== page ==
Through many ups and downs, while many other citadels have been demolished or covered with modern buildings, Sơn Tây Citadel has retained its vestiges, demonstrating the construction techniques and defensive military works in Việt Nam’s north.
According to experts, Sơn Tây is among the few citadels having their space remain intact today. No residential, public buildings, or military works have been constructed in or encroached on its space.
With its long-standing and unique historical and cultural values, the citadel has become a destination for students to visit and learn about patriotic traditions and heritage preservation.
As the only laterite citadel in Việt Nam today, it impresses visitors with its serenity and calm.
“As a cultural and historical relic as well as an ecological park, the citadel has received significant investment from the State and support from local people for its conservation,” said Nguyễn Trọng An, the deputy head of management of Sơn Tây Ancient Citadel Relic.
Since the 1990s, many projects to embellish items within the citadel have been carried out, such as the innovation of the watchtower, the Vọng Cung building and several paths within the park.
Notably, two Mic21 aircraft from the Sao Đỏ (Red Star) Regiment and one Mic8 aircraft from Regiment 916 are displayed at the entrance of the relic site as a memory of war.
2022 marked the citadel’s 200 years of existence, and a series of cultural, tourism, and sporting events were organised to raise public awareness about heritage protection and preservation. They included an exhibition of photos, artefacts, ornamental trees and paintings, together with an international hot air balloon festival.
A new pedestrian zone around the citadel was opened for Reunification Day (April 30). The 820-metre-long pedestrian zone, spanning several streets around the ancient citadel, is expected to help expand trade, services and tourism, contributing to preserving the cultural heritage of the locality.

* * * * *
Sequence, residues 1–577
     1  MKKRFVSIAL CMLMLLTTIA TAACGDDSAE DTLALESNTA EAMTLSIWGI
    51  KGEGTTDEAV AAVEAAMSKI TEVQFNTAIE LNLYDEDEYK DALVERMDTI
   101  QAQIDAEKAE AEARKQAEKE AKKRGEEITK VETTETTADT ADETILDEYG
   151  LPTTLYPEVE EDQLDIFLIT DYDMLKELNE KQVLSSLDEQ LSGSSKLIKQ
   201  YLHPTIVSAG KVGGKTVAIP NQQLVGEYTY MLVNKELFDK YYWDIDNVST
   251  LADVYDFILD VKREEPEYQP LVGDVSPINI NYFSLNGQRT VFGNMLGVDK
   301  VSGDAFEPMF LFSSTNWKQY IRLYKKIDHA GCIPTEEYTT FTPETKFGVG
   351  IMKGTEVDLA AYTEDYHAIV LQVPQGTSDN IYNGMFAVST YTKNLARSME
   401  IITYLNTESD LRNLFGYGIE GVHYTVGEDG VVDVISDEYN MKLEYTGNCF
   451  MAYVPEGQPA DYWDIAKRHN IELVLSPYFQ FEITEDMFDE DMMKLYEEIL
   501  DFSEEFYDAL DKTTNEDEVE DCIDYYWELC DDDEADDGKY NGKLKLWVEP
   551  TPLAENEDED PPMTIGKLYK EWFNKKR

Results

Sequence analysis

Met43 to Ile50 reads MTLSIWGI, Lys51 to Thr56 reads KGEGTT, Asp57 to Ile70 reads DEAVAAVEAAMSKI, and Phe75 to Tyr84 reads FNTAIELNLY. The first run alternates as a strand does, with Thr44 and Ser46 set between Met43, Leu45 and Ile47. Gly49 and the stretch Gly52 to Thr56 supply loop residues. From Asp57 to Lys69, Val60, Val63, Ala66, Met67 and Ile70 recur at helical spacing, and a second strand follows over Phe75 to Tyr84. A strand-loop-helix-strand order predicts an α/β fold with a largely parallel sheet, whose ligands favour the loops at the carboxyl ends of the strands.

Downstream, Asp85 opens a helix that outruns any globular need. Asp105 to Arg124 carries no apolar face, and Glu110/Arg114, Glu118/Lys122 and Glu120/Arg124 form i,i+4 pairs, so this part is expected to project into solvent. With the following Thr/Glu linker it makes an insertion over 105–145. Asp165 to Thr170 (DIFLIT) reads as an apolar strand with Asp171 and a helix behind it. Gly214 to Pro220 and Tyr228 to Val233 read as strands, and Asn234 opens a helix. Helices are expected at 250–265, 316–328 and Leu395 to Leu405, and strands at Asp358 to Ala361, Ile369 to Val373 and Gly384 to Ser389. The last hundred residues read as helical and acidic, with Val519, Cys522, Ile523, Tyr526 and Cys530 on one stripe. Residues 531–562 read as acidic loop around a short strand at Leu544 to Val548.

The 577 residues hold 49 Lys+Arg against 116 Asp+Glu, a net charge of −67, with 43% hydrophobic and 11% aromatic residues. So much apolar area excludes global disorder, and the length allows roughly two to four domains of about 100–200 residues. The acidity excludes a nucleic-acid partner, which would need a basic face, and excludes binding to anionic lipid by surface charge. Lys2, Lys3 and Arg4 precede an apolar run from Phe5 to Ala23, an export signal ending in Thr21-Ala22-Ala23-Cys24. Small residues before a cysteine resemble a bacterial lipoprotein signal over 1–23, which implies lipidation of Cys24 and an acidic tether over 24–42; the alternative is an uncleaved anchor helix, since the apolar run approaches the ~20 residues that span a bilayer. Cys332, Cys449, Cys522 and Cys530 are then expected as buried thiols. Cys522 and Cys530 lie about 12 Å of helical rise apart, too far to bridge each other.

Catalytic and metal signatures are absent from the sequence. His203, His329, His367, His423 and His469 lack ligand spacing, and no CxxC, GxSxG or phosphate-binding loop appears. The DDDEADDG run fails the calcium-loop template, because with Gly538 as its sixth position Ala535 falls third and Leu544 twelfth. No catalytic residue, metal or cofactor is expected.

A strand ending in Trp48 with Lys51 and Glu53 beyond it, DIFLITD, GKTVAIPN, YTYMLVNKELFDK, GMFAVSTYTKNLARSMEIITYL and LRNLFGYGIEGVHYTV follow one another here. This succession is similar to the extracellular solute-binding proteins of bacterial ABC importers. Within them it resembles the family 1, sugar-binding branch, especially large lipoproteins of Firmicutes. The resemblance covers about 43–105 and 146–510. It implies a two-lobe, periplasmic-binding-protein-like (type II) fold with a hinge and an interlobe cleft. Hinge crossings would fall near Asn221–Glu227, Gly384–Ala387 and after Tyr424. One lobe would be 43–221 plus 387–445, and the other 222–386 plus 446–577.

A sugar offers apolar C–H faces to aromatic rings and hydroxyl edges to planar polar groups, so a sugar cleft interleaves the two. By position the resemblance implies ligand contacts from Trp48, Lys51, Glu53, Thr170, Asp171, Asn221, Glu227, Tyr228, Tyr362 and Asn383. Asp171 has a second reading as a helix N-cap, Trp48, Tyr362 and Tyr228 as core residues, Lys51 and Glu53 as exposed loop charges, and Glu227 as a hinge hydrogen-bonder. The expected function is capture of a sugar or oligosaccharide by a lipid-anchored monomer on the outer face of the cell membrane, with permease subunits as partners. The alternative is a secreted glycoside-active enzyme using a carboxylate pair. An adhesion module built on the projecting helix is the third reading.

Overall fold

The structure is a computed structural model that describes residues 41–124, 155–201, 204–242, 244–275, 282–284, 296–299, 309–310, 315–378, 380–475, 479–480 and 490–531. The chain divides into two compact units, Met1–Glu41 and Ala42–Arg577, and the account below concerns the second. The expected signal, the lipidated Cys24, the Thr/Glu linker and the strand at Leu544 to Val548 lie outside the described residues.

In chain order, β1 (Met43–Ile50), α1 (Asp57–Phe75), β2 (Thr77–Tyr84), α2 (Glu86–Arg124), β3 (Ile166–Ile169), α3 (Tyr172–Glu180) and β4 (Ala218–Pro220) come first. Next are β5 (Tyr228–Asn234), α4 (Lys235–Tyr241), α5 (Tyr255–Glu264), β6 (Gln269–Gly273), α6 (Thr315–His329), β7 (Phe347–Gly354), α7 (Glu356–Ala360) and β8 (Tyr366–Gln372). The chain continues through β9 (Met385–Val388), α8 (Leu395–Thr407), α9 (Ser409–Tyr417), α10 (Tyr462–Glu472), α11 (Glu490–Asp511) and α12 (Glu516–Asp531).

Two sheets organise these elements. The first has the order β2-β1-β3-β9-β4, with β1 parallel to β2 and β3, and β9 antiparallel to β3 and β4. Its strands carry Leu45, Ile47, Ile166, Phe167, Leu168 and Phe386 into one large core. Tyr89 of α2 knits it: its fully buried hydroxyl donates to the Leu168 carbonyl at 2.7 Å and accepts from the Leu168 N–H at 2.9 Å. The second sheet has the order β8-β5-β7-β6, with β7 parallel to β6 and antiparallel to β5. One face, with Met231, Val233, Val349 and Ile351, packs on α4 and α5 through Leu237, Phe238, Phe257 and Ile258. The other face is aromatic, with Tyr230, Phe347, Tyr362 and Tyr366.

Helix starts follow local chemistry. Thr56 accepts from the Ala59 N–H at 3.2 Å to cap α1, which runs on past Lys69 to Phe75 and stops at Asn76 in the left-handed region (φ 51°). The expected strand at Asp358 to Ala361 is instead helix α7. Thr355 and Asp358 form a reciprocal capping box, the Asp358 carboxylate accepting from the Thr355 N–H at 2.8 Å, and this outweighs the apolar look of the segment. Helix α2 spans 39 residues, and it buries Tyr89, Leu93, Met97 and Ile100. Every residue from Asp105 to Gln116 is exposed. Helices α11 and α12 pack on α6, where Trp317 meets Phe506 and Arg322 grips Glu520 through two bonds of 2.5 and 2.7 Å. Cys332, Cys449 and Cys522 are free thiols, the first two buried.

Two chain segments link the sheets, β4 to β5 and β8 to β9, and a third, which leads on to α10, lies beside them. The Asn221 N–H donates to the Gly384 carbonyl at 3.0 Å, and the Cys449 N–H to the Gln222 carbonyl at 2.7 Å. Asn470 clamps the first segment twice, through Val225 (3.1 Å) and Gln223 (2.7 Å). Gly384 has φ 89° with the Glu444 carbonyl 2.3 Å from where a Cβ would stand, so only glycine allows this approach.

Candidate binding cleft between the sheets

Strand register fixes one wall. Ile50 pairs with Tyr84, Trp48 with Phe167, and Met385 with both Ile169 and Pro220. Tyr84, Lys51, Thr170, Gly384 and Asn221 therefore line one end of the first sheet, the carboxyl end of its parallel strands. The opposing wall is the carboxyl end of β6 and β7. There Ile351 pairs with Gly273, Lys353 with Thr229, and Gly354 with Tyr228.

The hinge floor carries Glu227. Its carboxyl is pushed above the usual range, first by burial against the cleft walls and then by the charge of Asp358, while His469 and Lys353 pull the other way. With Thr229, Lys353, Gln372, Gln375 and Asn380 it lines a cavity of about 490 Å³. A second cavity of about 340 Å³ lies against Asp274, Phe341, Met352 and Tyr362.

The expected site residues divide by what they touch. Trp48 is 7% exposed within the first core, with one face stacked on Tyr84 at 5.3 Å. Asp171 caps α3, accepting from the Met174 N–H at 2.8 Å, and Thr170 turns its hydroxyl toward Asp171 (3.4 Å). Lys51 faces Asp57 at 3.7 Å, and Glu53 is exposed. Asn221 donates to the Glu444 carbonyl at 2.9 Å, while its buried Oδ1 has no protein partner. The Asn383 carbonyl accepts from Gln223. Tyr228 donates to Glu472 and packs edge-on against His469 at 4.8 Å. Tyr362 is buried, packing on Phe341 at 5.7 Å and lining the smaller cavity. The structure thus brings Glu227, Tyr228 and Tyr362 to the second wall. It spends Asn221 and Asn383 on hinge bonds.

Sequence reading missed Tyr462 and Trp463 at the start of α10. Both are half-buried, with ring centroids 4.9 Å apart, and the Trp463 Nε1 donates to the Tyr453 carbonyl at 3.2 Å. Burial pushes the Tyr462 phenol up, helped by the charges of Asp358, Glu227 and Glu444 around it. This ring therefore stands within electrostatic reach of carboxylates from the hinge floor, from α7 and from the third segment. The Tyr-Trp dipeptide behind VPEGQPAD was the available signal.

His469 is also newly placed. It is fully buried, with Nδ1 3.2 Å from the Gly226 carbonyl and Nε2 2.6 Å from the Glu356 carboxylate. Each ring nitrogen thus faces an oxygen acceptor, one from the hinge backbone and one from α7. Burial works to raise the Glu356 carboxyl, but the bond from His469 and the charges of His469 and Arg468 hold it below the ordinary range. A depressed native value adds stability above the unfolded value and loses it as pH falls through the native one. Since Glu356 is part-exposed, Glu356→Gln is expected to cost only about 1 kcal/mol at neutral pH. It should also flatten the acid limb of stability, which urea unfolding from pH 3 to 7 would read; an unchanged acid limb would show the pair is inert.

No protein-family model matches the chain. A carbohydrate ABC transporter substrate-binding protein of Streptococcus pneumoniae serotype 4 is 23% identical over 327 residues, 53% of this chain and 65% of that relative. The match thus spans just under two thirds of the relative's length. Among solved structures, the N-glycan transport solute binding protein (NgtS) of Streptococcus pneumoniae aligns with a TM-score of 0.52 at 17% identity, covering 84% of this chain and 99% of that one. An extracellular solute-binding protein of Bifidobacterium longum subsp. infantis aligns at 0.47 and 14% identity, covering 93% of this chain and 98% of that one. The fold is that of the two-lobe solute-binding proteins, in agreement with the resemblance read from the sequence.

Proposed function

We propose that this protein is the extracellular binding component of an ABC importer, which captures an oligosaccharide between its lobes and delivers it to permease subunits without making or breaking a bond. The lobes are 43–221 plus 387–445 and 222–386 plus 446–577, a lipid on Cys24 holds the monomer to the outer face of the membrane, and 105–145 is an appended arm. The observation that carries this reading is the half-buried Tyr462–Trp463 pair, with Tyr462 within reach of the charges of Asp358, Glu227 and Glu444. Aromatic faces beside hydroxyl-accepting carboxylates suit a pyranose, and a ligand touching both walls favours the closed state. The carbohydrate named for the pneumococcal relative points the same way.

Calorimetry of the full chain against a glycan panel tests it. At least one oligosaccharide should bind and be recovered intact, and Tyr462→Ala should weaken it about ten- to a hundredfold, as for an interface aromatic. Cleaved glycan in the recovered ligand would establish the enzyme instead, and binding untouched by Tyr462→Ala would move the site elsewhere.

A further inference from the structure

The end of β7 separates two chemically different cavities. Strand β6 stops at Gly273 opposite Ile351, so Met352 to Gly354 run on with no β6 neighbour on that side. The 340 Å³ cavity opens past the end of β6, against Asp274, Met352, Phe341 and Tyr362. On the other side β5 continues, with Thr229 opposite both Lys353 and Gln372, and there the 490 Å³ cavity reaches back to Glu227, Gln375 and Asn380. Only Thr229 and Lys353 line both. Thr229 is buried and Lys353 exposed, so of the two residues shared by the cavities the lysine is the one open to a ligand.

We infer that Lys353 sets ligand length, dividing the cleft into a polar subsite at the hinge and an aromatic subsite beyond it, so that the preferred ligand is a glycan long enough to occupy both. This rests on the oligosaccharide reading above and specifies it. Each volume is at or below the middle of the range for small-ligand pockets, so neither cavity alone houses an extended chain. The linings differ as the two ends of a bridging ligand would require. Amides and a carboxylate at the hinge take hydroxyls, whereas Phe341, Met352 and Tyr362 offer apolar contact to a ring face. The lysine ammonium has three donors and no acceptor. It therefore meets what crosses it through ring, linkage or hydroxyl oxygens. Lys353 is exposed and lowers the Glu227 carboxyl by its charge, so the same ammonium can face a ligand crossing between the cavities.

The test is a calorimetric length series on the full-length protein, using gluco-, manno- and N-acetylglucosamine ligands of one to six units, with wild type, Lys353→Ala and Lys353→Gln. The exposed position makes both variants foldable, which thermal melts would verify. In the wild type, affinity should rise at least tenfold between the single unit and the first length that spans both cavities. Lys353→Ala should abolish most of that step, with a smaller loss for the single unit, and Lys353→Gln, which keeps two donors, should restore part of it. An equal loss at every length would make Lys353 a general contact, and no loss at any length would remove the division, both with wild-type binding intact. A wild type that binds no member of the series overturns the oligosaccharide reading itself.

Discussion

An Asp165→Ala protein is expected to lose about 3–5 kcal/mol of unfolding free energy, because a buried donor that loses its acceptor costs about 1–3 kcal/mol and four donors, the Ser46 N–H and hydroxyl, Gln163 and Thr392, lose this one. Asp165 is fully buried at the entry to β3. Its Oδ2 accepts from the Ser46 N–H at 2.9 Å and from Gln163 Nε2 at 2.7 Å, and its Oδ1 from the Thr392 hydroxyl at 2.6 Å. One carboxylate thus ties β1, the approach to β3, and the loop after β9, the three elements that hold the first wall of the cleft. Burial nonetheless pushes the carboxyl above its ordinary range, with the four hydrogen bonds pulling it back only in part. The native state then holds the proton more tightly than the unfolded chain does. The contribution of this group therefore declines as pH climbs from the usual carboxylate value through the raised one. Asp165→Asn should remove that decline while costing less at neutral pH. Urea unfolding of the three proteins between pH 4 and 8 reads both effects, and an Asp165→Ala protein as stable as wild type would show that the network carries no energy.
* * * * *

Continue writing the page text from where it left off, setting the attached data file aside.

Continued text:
Many special art and cultural programmes have been held in the pedestrian zone, attracting tens of thousands of visitors.
“The celebration of the 200th anniversary of the establishment of the ancient fortress has received great support from residents both inside and outside Sơn Tây Township, showing the concern of both the Party and the State, and honouring the values and potential of the heritage here,” An said.
The citadel also attracted many tourists this Tết (Lunar New Year) holiday to watch the fireworks on New Year’s Eve and attend the exhibition of special editions of newspapers for Tết, or contemplate artworks crafted by local artisans.
Travelling more than 10 km to visit the relic in the early days of the Lunar New Year, 31-year-old Nguyễn Thị Nga expressed her surprise at the sheer beauty of the ancient citadel.
“My family has been most impressed with the fresh and tranquil atmosphere here. It is rare to find such vast space shaded by ancient trees in Hà Nội nowadays. My two children were so excited to take pictures with the military planes on display and learn about our national history. I will take them there again for sure,” she said.
At present, the local authorities are compiling a dossier requesting recognition of a special national relic for Sơn Tây Citadel.
“This will act as an important foundation for Sơn Tây Town and locals to promote the values of the relic, effectively implement the Law on Cultural Heritage and make the locality worthy of being one of the five satellite cities of Hà Nội,” An noted. VNS